Happy Labor Day (in the US).
We’re still debating automation vs. manufacturing jobs or something like that.
My friend Walt Boyes, who left Control magazine a few months after I left Automation World, is finally blogging again. He started about the same time I did in late 2003 or early 2004, but his employer moved it from independent to part of its mothership. Evidently as part of his leaving, he was able to keep the name, Sound Off. And all of us who know and love Walt know that the title of the blog is well earned.
He recently wrote about automation and jobs and the mess in Ferguson, MO.
There is no doubt in my mind that automation and robotics have eliminated some working class jobs. Many of the jobs, however, were dirty, dangerous and physically debilitating. We needed machinery to improve the lot and safety of the workers.
Have you ever seen pictures of early manufacturing plants? Have you visited a modern automotive manufacturing plant? You could never imagine that they are doing the same thing. I think we are going through one of those disruptive times.
And it is not all machine vs. human. Some is economic. The things that we (as a society) purchase have changed. We keep cars longer. We buy electronics on a six-month cycle. We are also entering a period of reduced labor supply.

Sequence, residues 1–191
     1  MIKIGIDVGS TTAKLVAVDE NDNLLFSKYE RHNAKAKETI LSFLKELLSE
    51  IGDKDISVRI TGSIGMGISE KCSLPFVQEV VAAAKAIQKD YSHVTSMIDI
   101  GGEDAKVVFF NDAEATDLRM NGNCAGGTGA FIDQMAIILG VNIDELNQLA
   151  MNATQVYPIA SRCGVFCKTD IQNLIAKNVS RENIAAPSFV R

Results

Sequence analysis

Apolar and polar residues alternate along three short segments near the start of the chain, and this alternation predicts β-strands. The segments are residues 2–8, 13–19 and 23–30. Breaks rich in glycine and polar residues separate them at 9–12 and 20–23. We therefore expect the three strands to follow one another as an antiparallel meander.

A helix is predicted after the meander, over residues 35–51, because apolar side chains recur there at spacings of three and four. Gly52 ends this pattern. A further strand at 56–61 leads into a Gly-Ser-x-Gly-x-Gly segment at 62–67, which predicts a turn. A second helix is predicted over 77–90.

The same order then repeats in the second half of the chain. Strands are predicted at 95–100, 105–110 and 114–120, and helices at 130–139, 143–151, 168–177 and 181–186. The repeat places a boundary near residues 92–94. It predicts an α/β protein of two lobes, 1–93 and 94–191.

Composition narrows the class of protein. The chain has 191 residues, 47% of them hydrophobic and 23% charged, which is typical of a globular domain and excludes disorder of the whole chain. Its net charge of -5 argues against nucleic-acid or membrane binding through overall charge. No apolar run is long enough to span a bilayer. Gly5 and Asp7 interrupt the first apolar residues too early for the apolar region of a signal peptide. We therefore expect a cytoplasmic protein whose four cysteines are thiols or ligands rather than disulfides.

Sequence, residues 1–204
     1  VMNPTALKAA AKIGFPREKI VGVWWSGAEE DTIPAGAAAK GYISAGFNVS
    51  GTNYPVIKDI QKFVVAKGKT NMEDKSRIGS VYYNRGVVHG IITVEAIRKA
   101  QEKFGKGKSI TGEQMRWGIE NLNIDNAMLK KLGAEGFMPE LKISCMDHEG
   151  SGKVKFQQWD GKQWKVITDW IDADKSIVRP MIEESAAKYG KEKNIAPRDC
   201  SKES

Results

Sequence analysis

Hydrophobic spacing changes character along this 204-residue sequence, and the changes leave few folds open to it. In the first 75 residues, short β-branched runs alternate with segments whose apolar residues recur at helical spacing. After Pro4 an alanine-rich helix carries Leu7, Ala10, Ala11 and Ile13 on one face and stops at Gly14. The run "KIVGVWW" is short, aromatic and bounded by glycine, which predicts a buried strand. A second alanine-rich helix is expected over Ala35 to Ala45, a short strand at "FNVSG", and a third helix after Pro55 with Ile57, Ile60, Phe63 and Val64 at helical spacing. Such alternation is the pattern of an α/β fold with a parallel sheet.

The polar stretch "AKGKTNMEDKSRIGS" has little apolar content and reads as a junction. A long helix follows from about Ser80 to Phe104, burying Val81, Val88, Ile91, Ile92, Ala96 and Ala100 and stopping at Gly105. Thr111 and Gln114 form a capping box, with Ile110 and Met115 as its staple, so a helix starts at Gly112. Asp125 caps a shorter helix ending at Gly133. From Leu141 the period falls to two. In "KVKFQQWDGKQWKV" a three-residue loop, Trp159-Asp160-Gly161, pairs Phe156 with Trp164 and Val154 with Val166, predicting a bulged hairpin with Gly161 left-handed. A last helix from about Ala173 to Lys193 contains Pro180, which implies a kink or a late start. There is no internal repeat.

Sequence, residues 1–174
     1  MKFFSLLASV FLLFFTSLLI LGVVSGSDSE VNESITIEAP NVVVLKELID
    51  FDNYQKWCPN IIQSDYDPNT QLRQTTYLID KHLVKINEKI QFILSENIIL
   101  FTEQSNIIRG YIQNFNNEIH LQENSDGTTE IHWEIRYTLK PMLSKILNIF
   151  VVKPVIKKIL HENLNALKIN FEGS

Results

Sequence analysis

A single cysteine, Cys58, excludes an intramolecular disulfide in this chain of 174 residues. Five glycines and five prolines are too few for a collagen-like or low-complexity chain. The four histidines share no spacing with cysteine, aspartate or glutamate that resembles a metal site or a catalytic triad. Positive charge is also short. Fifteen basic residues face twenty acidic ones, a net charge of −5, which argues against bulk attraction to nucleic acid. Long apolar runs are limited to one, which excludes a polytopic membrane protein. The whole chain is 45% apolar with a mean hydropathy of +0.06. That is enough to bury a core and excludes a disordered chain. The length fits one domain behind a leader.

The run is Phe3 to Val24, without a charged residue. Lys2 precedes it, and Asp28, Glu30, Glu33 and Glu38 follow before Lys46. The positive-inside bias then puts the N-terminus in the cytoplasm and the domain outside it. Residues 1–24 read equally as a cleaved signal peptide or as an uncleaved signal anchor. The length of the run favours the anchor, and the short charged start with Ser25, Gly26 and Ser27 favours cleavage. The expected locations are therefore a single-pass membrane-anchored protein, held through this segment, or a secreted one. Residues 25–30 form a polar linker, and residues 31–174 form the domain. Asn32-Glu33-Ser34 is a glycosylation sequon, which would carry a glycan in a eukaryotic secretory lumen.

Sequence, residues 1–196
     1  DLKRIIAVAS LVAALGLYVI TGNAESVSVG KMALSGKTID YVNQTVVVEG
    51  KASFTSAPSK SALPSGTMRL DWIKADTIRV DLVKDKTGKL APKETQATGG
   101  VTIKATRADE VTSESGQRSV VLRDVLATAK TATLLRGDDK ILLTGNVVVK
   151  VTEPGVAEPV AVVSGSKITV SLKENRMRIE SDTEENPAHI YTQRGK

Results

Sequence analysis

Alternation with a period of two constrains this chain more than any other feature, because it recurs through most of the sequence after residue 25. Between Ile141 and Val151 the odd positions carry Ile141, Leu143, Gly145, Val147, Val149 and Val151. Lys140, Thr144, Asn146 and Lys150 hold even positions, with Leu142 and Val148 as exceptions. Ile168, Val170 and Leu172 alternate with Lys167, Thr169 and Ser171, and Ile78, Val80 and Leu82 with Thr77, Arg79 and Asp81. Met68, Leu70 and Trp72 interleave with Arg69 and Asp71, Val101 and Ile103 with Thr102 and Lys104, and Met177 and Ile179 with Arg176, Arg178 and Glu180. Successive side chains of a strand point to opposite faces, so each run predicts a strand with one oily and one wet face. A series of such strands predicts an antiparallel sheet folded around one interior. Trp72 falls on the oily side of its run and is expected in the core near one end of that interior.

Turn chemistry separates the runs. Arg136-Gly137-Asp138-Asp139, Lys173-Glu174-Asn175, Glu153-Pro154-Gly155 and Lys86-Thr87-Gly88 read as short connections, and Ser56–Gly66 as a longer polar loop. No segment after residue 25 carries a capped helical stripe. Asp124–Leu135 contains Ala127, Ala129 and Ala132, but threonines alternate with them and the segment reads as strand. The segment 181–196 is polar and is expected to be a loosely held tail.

Shortly the baby boomers will really retire. They’ll have to be supported by the “baby bust” generation. We are going to have to learn to do more with less. We will need robots to help the aging boomers in their healthcare needs. We won’t have as many operators and technicians. We may not realize it, but we are preparing for a new era.
Walt brings up the closure of an automotive plant where Ferguson residents could formerly work and earn middle class wages. It is closed. It is not closed because of automation. It is closed because clueless managers could not design cars that people wanted. They did not understand supply chain economics and outsourced manufacturing only to learn (I wish) to their chagrin that the economics did not support that. These managers cared not for customers or their own employees (hourly and salaried alike). I could write a book just on the ethics of the past 50 years of manufacturing management and the impact on society.
I bet miners would love some automation that makes work safer underground. And we would all profit from managers in the coal industry less focused on beating down employees and more focused on finding better ways to use coal that would be less harmful to the environment.
America does not have much of a “labor movement” like in the first half of the 20th Century. But we still need to pause and appreciate the efforts of everyone who works to provide us with a better life.